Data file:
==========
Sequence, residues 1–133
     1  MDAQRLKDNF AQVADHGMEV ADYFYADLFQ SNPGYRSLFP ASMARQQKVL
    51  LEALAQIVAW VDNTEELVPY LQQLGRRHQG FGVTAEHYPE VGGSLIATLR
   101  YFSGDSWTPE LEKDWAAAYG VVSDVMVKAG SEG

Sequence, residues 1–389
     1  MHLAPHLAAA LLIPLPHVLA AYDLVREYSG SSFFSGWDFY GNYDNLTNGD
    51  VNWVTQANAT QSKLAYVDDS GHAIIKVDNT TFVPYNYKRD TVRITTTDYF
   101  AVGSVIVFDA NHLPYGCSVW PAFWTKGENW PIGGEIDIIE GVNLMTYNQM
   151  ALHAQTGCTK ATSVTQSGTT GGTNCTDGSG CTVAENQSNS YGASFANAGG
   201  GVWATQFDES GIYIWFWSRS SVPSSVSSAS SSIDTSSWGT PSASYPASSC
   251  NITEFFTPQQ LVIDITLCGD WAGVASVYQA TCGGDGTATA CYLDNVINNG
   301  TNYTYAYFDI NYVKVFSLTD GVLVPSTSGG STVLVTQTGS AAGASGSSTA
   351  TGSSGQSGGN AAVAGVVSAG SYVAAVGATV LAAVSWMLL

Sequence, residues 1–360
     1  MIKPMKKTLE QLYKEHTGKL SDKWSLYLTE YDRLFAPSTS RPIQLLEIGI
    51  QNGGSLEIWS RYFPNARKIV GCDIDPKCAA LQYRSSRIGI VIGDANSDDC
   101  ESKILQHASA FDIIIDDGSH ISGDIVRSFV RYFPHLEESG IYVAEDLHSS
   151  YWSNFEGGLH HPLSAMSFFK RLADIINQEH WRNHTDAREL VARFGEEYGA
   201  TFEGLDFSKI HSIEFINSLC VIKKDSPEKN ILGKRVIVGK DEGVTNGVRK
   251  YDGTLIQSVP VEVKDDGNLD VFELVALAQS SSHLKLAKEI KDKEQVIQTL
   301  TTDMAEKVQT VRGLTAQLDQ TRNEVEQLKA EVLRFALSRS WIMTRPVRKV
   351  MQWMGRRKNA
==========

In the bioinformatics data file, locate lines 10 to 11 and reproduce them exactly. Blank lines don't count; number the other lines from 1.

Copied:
   201  GVWATQFDES GIYIWFWSRS SVPSSVSSAS SSIDTSSWGT PSASYPASSC
   251  NITEFFTPQQ LVIDITLCGD WAGVASVYQA TCGGDGTATA CYLDNVINNG